With Brisbane and this apartment three ks from the CBD, one of the key factors is that we're definitely different to Sydney and Melbourne in terms of we don't have the density of population that Sydney or Melbourne do. So when you're buying, we're basically a housing market and when you're buying a strata property, which includes townhouses and apartments, you really need to be in a location where basically you're closer to the CBD, you don't have issues with future supply or you're not in a suburb that's mainly housing with no apartments. So basically you want to be five kilometres approximately or closer when you're talking in apartments with Brisbane.
Allen first talks a little bit more about his first property and then gives an example of a house that he bought and the buy and hold strategy he used to increase its value.
Brand new and 1985 but basically just cosmetic renovations and what's worked well for me has been just holding quality long term and buying good locations, high land value and you can get good land value with apartments also, but buying good quality houses that can do with a cosmetic renovation. And I'll mention just one example of that is this house, I'm in a house at the moment, which we use for our rental guardian's property management. We run the business from this house and I purchased this house in 2007 for $260,000 and did a full cosmetic renovation, not a large house. So that was about $20,000 organising that myself and that put the cost base to about $280,000 for the property.
And there's been pretty much not a lot done to it since then. Always rented well when it was for rent. And now the property would be worth approximately 480, so not incredible capital growth but very solid. And that's what's sort of underpinning the buy and hold strategy. It's a system that works for well-located residential property and in cities such as Sydney, Melbourne and Brisbane, especially the capital cities I'm talking about here. It's just been a winning strategy for well since Federation for centuries and it's a great underpinning of an investment strategy. You can combine different strategies. I'm definitely not against selling. I don't believe anybody who says buy and hold everything, I just don't think they've bought enough properties and strategic selling is fantastic and you can combine property development, renovations as cash flow generated as to like a core strategy of buy and hold. I think that works really well.
He delves into a property problem that is prevalent in Brisbane—flooding—and talks about the effect the floods had on his property..
With property investing, if you're avoiding the obvious mistakes, then that's a lot of the heavy lifting because it really isn't that complicated in the end. And avoiding the obvious mistakes will get you a long way towards buying good quality property. And some of those mistakes are just issues with the location of the house. And in Brisbane specifically, there's issues with water and we're talking flood here. And one moment that comes to came to mind when I'm thinking of this question were the 2011 floods. And nowadays everyone's aware of what can happen with Brisbane and flooding and water. But I can tell you that before 2011 that wasn't really the case. Almost nobody was paying attention to that. And that's something that I've always watched out for, but even myself, I probably wasn't weighting how chronic that issue was.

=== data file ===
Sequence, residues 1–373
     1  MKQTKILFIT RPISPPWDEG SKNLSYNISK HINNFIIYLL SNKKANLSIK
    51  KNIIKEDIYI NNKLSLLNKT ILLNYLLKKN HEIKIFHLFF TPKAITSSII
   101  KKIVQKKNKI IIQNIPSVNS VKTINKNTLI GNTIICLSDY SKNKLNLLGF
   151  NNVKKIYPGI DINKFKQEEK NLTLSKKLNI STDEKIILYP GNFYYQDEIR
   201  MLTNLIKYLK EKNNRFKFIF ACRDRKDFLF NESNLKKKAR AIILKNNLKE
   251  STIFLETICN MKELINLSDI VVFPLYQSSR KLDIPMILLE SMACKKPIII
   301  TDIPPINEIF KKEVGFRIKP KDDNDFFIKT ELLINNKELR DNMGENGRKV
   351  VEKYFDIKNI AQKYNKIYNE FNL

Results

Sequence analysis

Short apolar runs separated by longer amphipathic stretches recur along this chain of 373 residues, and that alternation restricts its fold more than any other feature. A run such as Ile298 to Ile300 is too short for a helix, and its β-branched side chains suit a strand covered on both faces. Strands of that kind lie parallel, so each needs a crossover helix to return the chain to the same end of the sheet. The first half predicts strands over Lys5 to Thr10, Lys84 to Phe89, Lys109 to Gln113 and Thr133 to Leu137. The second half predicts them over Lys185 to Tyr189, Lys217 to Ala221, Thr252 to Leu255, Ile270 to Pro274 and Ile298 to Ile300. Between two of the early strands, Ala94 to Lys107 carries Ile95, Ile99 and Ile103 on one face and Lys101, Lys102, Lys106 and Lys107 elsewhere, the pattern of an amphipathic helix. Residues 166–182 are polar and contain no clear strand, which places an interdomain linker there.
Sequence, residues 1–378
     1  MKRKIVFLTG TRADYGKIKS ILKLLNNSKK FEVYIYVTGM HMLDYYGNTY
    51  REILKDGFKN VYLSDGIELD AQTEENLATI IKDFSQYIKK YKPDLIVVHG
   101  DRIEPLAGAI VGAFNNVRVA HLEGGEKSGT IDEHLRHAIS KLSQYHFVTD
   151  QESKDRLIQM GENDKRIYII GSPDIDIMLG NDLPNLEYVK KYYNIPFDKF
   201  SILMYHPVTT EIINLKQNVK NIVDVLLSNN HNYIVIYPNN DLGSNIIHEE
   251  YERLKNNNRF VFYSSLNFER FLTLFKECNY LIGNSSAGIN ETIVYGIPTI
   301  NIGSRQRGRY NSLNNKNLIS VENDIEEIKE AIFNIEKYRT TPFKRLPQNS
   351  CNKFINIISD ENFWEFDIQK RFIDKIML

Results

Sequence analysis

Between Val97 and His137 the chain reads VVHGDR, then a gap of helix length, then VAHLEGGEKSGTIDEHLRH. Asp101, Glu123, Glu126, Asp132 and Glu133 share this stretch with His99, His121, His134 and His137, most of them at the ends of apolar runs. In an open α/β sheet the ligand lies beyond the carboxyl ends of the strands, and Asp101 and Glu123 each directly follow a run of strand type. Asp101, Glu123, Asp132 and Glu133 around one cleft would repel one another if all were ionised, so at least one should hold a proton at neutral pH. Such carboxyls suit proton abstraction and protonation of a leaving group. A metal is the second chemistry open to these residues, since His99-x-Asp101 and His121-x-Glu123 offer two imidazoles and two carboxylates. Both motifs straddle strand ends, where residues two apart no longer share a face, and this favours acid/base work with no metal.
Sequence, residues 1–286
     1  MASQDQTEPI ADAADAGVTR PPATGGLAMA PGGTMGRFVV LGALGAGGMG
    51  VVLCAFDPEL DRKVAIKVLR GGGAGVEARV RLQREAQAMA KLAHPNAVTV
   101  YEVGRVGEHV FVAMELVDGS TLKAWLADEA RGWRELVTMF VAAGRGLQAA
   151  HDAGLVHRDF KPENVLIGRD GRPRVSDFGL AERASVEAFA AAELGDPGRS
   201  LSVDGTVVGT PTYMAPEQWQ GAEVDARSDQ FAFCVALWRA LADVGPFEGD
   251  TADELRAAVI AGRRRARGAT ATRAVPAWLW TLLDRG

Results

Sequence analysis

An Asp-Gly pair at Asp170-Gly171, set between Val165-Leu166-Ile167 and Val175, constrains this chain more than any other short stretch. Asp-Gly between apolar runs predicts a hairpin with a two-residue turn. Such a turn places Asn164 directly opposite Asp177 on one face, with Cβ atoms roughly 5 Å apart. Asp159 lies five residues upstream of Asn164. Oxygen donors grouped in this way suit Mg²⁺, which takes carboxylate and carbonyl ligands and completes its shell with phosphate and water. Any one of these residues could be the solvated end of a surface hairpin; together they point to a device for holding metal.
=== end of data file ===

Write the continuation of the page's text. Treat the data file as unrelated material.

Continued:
And I remember the 2011 floods in the Brisbane market basically had a heart attack at that point and the phone literally didn't ring for two months. It was just nothing happened. Brisbane was underwater and Brisbane by geography is a gigantic floodplain. So basically every suburb will tend to have pockets that flood; some suburbs, significant parts of it flood. And it's not just the water that's coming from a critical or a water source, it's also overland flow, which is our tropical summer storms flowing down. And that's something that we're very, very careful to factor in for every property we checklist. And to some extent, people have sort of forgotten a little bit about the flood issues. But that would be one of the significant negative moments where nothing happened for the right property for two months after the 2011 floods.
Due to these floods, many properties in Brisbane are built on stilts, which Allen elaborates impacts developments. He also tells us about the effect flooding has on insurance.
It impacts development in terms of you'll have to be raised a certain amount off the ground or developments cost more. Also, costs are felt in insurance. You might not be able to get insurance or just not at a reasonable price and it's a chronic issue, Tyrone, so that issue never goes away and people tend to forget about it. So it's an issue where you can probably still buy those properties and sell them, that's fine. But I just think you need to be very careful with any...and we basically now have a very strong policy that that time, it's just not worth it usually. And you won't go a long way to find an exception to that rule to find a property being worth it. And one exception to that rule is riverfront property, because riverfront property is limited by nature in Brisbane and it's prestige, so you can assume a certain risk and it might just be a certain part of the block that floods, not the dwelling. Or you can have the dwelling high enough that the risk is acceptable.